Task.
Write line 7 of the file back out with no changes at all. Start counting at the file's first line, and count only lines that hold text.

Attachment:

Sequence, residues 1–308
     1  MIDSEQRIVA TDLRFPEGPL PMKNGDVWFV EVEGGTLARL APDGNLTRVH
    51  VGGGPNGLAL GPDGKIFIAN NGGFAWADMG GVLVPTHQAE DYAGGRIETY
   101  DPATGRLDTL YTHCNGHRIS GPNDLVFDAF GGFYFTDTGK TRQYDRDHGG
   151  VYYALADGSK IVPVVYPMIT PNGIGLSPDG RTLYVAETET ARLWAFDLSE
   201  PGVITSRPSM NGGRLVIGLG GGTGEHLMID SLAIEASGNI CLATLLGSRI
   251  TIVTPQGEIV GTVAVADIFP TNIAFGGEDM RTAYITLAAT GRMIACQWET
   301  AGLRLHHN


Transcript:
   251  TIVTPQGEIV GTVAVADIFP TNIAFGGEDM RTAYITLAAT GRMIACQWET